- The Washington Times - Monday, October 10, 2016


Donald Trump is the new “comeback kid” to the shock and awe of some — perhaps many — of his women defenders who had reservations about his capacity to show discipline in the make-or-break debate with Hillary Clinton in St. Louis Sunday night.

Trump is probably as relieved and surprised as Washington was when those creaky boats made it across the frozen Delaware,” said former Pittsburgh-area GOP activist and Reagan White House aide Mary Ann Meloy. “He lives to fight another day, having demonstrated far better depth and grasp of issues as well as skill in pivoting to his advantage than in the first debate with Hillary.”

Mrs. Meloy said The Donald won the night fight but not necessarily the war.

“Only time will tell if women can put the trash-talk tape aside on Nov. 8. I don’t think the shock or pain of that tape were erased tonight.”

Mr. Trump dominated the tense, riveting 90-minute encounter, taking the offense and keeping it — and not taking the bait Mrs. Clinton offered, to get him to go off on tangential defensive riffs.

Donald Trump pulled off what many in the media thought was impossible — he reset the campaign tonight,” Tallahassee attorney Mary Thomas said. “Tomorrow morning, the race will be dead even again.”

Whether it’s quite that smashing a comeback for him, it’s still a win, given that almost all pundits left and right had all but counted him out.

“When Hillary Clinton attacked, he attacked back even more forcefully, putting Hillary Clinton on the defensive, and he kept her on the ropes all night,” Mrs. Thomas said. “Clinton’s policies sounded like the same old liberal, politically correct pabulum, while Trump spoke from the heart, with feeling and with far greater policy detail than he has ever used. The bottom line is this, Donald Trump won this debate in a big way and at the same time, saved his campaign.”

Mrs. Clinton won the debate on detailed policy knowledge, as she did in the first debate with him. But once again being whip-smart on policy wasn’t what the evening was about.

“The Donald won this one, I think, because he moved the debate past clearly inappropriate comments he made 12 years ago and focused on jobs, national security, trade and health care — on making America first,” said Nevada GOP Assemblywoman Michele Fiore.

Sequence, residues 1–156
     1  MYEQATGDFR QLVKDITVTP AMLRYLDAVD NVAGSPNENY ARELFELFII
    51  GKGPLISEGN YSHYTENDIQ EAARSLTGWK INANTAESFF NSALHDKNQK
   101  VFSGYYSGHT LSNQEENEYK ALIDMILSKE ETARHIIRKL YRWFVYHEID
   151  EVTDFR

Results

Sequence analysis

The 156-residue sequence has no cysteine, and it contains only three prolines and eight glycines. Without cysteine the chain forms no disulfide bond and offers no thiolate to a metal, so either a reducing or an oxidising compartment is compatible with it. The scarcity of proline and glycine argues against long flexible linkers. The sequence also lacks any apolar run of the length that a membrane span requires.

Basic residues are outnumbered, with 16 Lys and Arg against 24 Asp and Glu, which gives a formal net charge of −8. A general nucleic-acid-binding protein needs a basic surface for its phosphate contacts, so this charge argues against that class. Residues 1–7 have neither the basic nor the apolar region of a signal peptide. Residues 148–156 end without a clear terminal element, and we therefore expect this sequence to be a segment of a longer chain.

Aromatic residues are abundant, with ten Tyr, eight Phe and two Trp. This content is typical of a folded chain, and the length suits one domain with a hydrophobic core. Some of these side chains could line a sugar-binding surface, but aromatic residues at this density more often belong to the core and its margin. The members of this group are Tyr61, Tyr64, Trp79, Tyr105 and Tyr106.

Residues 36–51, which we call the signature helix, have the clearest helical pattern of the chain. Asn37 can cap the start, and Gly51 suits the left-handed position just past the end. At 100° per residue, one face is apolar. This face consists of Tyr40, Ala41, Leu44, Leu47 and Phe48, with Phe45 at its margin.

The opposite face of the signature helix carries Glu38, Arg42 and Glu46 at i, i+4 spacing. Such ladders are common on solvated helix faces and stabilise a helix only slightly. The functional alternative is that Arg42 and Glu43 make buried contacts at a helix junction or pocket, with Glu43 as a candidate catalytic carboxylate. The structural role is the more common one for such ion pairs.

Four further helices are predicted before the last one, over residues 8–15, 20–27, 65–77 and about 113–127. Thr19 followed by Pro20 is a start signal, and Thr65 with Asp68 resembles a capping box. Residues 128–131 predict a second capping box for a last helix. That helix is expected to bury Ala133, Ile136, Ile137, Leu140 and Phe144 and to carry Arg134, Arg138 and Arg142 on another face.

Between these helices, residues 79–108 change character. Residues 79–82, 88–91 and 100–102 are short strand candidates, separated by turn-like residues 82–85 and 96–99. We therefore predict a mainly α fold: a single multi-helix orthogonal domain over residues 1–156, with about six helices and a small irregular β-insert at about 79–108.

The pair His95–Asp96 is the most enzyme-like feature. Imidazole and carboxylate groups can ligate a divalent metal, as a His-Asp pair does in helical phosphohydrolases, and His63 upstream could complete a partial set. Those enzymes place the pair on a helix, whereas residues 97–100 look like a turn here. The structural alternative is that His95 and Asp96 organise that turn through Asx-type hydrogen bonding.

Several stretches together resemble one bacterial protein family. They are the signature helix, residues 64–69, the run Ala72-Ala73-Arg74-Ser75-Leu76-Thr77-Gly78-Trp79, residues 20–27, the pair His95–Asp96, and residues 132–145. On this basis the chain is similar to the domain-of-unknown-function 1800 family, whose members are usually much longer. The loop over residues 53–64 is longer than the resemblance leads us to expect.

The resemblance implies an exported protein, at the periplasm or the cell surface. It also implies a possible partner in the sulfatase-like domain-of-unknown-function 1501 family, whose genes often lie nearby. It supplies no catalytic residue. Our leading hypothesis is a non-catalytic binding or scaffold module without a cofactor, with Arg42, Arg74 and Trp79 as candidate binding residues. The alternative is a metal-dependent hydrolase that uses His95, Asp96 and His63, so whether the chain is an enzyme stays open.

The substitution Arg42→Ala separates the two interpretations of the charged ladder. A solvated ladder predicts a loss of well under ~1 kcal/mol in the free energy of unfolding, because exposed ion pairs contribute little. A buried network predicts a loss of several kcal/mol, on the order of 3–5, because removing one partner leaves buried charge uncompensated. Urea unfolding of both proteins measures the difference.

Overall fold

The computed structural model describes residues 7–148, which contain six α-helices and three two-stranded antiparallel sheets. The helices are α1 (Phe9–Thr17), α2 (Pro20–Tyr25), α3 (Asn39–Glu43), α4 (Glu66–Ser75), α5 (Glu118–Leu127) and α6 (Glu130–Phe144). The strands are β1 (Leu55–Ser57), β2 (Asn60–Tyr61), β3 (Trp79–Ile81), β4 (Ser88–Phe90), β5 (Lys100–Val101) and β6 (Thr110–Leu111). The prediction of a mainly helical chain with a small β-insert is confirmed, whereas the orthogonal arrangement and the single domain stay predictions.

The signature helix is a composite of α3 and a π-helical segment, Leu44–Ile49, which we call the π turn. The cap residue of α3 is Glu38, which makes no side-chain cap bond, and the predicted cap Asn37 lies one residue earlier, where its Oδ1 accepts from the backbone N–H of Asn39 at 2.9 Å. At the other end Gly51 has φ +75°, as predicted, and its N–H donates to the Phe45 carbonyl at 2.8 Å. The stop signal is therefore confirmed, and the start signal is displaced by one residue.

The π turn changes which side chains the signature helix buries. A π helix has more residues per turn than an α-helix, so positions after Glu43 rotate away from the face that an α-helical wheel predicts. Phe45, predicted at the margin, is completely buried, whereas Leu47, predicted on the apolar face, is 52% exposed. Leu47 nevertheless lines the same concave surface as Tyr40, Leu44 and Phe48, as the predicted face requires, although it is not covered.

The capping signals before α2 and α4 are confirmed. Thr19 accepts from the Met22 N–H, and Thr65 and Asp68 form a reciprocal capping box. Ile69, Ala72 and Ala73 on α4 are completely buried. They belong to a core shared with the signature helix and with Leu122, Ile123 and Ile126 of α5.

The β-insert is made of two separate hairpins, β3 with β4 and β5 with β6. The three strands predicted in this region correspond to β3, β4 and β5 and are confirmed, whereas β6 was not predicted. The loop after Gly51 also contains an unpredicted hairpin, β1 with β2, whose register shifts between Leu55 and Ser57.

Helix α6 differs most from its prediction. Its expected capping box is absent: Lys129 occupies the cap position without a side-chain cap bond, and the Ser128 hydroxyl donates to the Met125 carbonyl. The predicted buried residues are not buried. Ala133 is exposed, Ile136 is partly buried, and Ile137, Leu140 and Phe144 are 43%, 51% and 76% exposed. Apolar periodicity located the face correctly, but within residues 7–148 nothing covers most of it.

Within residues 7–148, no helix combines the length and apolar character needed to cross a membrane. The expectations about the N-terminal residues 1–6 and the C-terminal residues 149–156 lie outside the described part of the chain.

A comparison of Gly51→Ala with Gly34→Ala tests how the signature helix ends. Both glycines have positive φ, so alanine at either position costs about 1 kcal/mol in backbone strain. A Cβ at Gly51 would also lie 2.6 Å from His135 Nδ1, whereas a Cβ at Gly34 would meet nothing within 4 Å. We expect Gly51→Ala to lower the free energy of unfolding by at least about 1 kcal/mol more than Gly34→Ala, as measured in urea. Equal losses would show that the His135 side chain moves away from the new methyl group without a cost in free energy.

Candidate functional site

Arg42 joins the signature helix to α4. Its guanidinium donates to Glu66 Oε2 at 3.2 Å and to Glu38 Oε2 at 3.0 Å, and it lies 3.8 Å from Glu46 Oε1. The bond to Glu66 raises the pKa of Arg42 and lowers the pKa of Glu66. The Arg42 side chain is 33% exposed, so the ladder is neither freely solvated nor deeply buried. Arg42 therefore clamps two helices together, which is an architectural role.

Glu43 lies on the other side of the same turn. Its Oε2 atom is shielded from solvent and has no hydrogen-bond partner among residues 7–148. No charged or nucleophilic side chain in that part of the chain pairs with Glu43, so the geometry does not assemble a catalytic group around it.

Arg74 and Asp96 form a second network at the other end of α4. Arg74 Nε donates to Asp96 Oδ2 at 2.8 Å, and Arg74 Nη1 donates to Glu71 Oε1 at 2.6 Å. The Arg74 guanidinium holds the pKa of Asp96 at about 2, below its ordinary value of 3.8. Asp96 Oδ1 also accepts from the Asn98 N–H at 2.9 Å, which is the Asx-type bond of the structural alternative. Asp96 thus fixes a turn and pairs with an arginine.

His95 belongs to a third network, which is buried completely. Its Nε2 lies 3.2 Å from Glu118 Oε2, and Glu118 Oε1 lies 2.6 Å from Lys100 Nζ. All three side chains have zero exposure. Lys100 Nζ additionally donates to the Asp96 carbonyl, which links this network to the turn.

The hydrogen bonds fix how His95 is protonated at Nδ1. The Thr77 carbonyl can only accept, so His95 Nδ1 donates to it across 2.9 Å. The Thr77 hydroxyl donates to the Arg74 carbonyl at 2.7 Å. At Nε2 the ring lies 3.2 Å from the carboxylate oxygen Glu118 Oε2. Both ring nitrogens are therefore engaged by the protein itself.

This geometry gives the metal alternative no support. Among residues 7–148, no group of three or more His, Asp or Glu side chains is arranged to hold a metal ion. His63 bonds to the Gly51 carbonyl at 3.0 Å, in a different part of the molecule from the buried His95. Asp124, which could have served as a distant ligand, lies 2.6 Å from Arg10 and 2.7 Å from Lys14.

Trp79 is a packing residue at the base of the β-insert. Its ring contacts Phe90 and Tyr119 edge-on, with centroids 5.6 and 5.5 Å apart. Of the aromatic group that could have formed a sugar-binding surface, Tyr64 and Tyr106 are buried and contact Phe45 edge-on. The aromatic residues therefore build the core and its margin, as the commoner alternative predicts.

Khadine Ritter, a Washington County, Ohio, GOP Central Committee member, said that if “you’re looking for a winner, this was a far more balanced debate than the first one. Trump presented himself in a more sober and serious light with fewer circus acts.”

So was he the clear winner for Mrs. Ritter?

“If this were the first debate, I would say Trump won,” Mrs. Ritter said. “Given that we are forced to compare, I would say it was quite even.”

Some female Trump supporters thought he did way better than that.

“This debate definitely defined their differences and drew lines in the sand,” said Kansas Third Congressional District GOP Chairman Vicki Sciolaro, an evangelical Christian. “She wants to keep Roe vs. Wade, and that’s opposite Donald. Very impressed, and Trump won big!”

“This was Donald Trump’s best debate of the entire election cycle,” Mrs. Thomas said. “He came prepared and executed his strategy perfectly. He apologized in a contrite manner for the lewd comments and then he pivoted to issues.”

As to who gains going forward, Mrs. Ritter said it’s Mr. Trump hands down.

“He had the most ground to make up,” she said. And he certainly did make up lost ground, both in terms of substance and in terms of attacks, finally charging her with many of the issues his supporters want to keep in the spotlight.”

The most unexpected win of the night was Mr. Trump’s disagreeing with running mate Indiana Gov. Mike Pence over Russia and Syria. Open disagreement with a running mate during a presidential campaign is unheard of — or was until Sunday night. Mr. Trump did it without hesitancy or acrimony, showing he’s the presidential nominee, the top of the ticket, the boss and comfortable with the job.

The other big winner, for the moment, is the GOP and its possibly endangered Senate majority. Before the Sunday debate, panicked Republicans feared a Trump electoral debacle and with it a “down ticket” disaster for the party. That’s why the sigh of relief heard in local GOP headquarters around the country.

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